• Post author:
  • Post category:Uncategorized

BUFFALO SOLDIERS(director: Gregor Jordan; screenwriter: Based on Robert O’Connor’s novel/Eric Weiss/Nora Maccoby; cinematographer: Oliver Stapleton; editor: Lee Smith; music: David Holmes; cast: Ed Harris (Col. Berman), Scott Glenn (Sgt. Lee), Joaquin Phoenix (Ray Elwood), Anna Paquin (Robyn Lee), Elizabeth McGovern (Mrs. Berman), Michael Pena (Garcia), Leon Robinson (Stoney), Dean Stockwell (Gen. Lancaster), Gabriel Mann (Knoll), Michael Pena (Garcia), Sheik Mahumd-Bey (Sgt. Saad), Haluk Bilginer (The Turk), Brian Delate (Colonel Marshall); Runtime: 98; MPAA Rating: R; producers: Rainer Grupe/Ariane Moody; Miramax Films; 2001-United States/United Kingdom/Germany)
The storyline becomes too idiotic and lacking enough funny or relevant moments to fly as a cutting edge satire.

Reviewed by Dennis Schwartz

An outrageous black comedy about the deficiencies of the peacetime army, a view that is not in favor since 9/11. It’s a film that is so daffy and out of touch with itself, that it is mocking everything about the military but loses track of why it is doing so. It’s based on Robert O’Connor’s 1993 novel and the screenplay is by Eric Weiss and Nora Maccoby. Australian director Gregor Jordan captures the cynical tone of the novel, but the storyline becomes too idiotic and lacking enough funny or relevant moments to fly as a cutting edge satire.

Buffalo Soldiers is set on the Theodore Roosevelt Army Base in Stuttgart, Germany, in 1989, just about when the Berlin Wall was to fall. The soldiers depicted are in the U.S. Army’s 317th Supply Battalion and have nothing to do but kill time. Specialist Ray Elwood (Joaquin Phoenix) is the shrewd company clerk and enterprisingly runs a profitable black market operation (dealing heroin and stolen Army supplies) along with his muscle man Stoney (Leon Robinson) and his Rolex wearing ally Garcia (Michael Pena). In a smug voiceover Elwood says he joined only because the judge threatened him otherwise with a jail sentence for auto theft, and he goes on to say that he loves three things about Germany: “his Mercedes Benz, no speed limit on the Autobahn, and there’s a black market for anything he can get his hands on.” Most of the company is made up of ex-felons and high school dropouts, as the army has trouble filling quotas since the draft ended and ends up with a bunch of misfits who are not even aware of the history of why they are stationed in Germany. Elwood’s company commander, Colonel Berman (Ed Harris), is an ambitious, dim-witted, clueless, incompetent, whom Elwood easily fools and gets away with anything– including servicing his aggressive wife (Elizabeth McGovern).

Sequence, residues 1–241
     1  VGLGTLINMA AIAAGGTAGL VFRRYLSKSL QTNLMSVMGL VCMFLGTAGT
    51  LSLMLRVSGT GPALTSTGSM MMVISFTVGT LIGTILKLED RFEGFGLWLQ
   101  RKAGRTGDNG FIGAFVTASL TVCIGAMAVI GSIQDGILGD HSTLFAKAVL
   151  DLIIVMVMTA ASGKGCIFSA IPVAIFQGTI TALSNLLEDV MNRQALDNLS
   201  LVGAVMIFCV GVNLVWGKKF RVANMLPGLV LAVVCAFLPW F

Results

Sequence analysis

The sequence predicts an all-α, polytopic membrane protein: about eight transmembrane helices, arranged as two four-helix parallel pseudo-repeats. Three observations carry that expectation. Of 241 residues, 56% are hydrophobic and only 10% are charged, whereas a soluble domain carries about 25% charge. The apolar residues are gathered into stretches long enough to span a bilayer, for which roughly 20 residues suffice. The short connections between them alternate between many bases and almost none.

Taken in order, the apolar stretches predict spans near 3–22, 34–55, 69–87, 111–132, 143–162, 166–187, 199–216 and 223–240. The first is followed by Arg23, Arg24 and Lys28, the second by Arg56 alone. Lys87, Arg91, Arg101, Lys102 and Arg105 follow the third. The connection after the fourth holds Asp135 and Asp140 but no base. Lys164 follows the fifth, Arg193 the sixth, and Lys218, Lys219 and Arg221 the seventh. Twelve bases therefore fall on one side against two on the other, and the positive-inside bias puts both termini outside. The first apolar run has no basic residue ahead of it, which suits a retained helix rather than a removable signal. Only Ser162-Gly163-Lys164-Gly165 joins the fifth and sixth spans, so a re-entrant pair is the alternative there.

One of the measured themes is that Elwood and his cohorts are inundated with slogans everywhere on the base, as they in fact live up to the much advertised slogan “Be All You Can Be” and become all they can be through their successful black market operation. They now apply the new tagline ”Steal All That You Can Steal.” The other measured theme is about a dream Elwood keeps having about falling and crashing, as he develops a phobia about heights. Of course, he will be tested about this in a contrived melodramatic way before the film concludes.

Things suddenly change when a soldier cracks his head open accidentally and dies during an improvised indoor touch football game and his autopsy comes back with a report that he has multiple illegal drugs in his system. This brings in a new Top Sergeant, the no-nonsense killing machine Vietnam veteran Robert K. Lee (Scott Glenn), who won’t go along with Elwood’s games and won’t be bribed. But the Top Sergeant conveniently has a gorgeous single daughter Robyn (Anna Paquin) on the base, and Elwood dates her to get back at the sergeant. This plan backfires as far as sticking it to the Top Sergeant, but it moves him closer with the flighty Robyn as he falls in love with her.

When the totally unethical Elwood and his cohorts stumble upon two supply trucks full of grenade launchers, machine guns and missiles, he pays no attention to the dead drivers who were felled by a mysterious gas station explosion in the area. Instead Elwood dreams of becoming rich as he trades the guns on the black market for 30 kilos of heroin with his vicious heroin supplier in town, the Turk. As things go down in a more violent way than Elwood could foresee and as the body count mounts and everybody’s schemes keep getting heavier, Elwood’s playful rogue character loses its purpose and Buffalo Soldiers loses its M*A*S*H-like comedy pitch. It all descends into an absurd tale of near apocalyptic pretensions. The Top Sergeant cunningly orchestrates Elwood’s fall and the violent head MP, the black Sgt. Saad (Shiek Mahmud-Bey), makes a play for Elwood’s heroin operation that gets cooked up out of all proportions and brings about a racial fight over turf.

Buffalo Soldiers—which premiered at the 2001 Toronto Film Festival two days before September 11—has been hidden away since by Miramax. Released on DVD in 2003, with Bush’s questionable military occupation of Iraq turning more and more people off, perhaps Buffalo Soldiers can now be viewed as the post-Vietnam military comedy it was intended. But it still has too much of a smirk on its kisser and its anti-hero just doesn’t measure up to the lovable rogue and anti-establishment guy who can wow even this new disillusioned post-Iraqi war audience into thinking Elwood’s not such a bad guy after all. The film is just not that well made or acted or conceived to fall in line with other goofy takes on the military. I’m thinking of military satires such as Mike Nichols’s ”Catch-22,” Robert Altman’s ”M*A*S*H” and David O Russell’s “Three Kings.”


Dennis Schwartz: “Ozus’ World Movie Reviews”